Prescription patterns of antidepressants: findings from a US claims database

Prescription patterns of antidepressants: findings from a US claims database

2010 Curr. Med. Res. Opin

Milea, D. | Verpillat, P. | Guelfucci, F. | Toumi, M. | Lamure, M. | Volume: 26, Issue: 6, Pages: 1343-1353, Adult, Antidepressive Agents, Anxiety, Anxiety Disorders, Citalopram, Comorbidity, database analysis, Databases,Factual, Depression, Depressive Disorder, diagnosis, drug therapy, epidemiology, Female, France, Humans, Insurance Claim Review, Male, methods, Middle Aged, Physician's Practice Patterns, statistics & numerical data, therapeutic use, United States, Young Adult,

BACKGROUND: Introduction of serotonin reuptake inhibitors in the 1990s has increased the use of antidepressants and modified their prescription patterns. OBJECTIVE: To identify reasons for prescriptions of antidepressants and factors associated with absence of a labelled indication on the prescription patterns of antidepressants and healthcare costs in a claims database. METHODS: Antidepressant users with a new treatment episode with bupropion, citalopram, duloxetine, escitalopram, fluoxetine, fluvoxamine, paroxetine, sertraline or venlafaxine in 2003 and 2004 were identified in the PharMetrics database. Any ICD-9 code for an approved or clinically-accepted diagnosis for antidepressant treatments (‘diagnosis of interest’) occurring within the month before or after the index claim was considered as a reason for prescription. Socio-demographic and medical characteristics were described between users with and without a diagnosis of interest and analysed using logistic regression. RESULTS: A total of 392 409 antidepressant users were identified. Diagnoses of interest were recorded for 46.7% of users, the most frequent diagnosis being depressive disorders (29% of the patients), anxiety disorders (17%) and abuse and dependence (5%). There were no major differences in patterns of diagnoses of interest between the antidepressants except for fluvoxamine and bupropion. Users without a diagnosis of interest had similar somatic comorbidities and overall baseline costs to users with a diagnosis of interest. However, they used specialised care less often (4.3 vs. 17.8%, OR = 0.50 [0.48; 0.51]), received psychotherapies less frequently (2.7 vs. 26.6%, OR = 0.12 [0.12; 0.12]), and had a shorter duration of use of antidepressants more often (36.9 vs. 28.5%, OR = 1.18 [1.17; 1.20]). CONCLUSIONS: The reason for prescribing antidepressants was often not reported in claims databases, and although antidepressant users with or without a diagnosis of interest can have similar somatic medical profiles and overall costs, they do not follow the same trajectory in the mental healthcare system. Depending on the research question to be answered, it is therefore important to specify which users are being targeted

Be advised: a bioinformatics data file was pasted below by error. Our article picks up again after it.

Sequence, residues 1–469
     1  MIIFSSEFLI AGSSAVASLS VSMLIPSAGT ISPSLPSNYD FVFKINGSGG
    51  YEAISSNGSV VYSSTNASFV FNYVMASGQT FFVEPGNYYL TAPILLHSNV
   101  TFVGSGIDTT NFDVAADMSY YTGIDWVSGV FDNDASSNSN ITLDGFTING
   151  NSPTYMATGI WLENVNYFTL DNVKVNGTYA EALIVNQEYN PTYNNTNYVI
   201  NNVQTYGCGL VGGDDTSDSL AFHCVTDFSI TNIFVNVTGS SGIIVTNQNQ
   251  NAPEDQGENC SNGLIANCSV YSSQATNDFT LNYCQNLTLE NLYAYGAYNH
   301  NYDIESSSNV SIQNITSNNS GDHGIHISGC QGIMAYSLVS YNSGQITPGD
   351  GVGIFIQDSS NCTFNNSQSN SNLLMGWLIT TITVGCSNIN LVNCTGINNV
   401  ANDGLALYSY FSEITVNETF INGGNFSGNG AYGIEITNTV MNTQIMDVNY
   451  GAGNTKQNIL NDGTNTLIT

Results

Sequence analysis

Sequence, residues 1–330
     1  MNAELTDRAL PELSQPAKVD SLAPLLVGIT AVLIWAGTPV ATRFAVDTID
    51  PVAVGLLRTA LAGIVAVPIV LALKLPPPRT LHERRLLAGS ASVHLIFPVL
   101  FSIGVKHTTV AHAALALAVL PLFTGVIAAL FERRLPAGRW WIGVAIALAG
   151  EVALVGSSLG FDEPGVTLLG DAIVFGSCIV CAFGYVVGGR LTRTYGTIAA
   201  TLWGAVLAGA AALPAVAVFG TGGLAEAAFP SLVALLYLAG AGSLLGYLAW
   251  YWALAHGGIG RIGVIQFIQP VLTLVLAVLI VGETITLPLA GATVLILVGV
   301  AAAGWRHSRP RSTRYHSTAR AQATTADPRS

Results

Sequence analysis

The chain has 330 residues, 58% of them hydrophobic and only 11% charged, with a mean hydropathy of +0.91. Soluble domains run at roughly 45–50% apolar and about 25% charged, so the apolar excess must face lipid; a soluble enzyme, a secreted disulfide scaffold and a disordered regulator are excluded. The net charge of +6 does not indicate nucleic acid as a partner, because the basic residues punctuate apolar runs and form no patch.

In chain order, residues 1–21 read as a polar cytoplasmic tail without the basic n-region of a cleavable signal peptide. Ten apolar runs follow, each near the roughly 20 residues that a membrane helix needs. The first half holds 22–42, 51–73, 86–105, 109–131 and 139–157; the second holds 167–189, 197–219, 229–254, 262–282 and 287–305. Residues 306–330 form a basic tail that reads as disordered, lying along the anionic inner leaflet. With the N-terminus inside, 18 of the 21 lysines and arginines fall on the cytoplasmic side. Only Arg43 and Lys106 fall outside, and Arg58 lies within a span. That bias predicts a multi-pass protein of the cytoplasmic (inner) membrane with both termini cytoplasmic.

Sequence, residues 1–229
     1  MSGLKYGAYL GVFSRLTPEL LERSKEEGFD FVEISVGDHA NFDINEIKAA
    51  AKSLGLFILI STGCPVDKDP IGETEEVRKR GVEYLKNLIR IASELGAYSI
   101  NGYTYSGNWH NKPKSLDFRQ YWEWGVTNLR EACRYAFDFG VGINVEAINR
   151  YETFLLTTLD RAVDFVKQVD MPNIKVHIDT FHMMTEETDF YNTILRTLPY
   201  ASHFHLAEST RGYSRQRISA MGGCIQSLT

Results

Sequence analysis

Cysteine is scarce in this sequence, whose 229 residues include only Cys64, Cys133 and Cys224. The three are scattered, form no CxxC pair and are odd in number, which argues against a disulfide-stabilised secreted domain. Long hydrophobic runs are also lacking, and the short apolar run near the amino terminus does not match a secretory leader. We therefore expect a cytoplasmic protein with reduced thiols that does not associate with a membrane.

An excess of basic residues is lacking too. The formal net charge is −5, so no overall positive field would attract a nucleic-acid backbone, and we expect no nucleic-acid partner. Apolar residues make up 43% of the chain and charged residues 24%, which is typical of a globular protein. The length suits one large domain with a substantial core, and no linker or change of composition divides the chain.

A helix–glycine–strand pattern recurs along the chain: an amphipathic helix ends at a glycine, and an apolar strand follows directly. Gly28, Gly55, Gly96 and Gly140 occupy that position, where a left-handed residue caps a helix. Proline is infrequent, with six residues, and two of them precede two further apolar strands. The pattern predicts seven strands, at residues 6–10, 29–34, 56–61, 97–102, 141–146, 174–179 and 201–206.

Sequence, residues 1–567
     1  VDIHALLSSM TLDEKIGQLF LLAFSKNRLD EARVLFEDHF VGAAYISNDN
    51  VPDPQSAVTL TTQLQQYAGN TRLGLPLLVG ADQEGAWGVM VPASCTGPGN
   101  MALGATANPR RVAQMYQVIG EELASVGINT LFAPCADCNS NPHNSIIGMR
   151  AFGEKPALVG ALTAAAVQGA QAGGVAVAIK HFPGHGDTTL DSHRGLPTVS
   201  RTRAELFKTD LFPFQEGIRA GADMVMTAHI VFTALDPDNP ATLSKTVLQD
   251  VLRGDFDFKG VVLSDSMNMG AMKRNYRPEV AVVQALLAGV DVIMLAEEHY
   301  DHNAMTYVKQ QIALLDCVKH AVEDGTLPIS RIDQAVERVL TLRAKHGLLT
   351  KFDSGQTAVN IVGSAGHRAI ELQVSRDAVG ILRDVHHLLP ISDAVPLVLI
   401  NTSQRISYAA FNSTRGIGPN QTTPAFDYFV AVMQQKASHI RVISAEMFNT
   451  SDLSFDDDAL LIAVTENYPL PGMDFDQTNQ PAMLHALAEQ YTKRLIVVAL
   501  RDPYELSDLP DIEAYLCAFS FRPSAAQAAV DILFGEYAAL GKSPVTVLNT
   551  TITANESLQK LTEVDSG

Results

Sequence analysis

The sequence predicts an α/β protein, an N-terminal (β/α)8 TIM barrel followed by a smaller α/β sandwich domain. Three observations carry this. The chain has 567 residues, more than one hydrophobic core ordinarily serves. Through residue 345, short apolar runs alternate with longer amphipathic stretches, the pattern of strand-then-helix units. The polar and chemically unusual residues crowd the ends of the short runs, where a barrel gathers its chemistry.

https://www.doi.org/10.1185/03007991003772096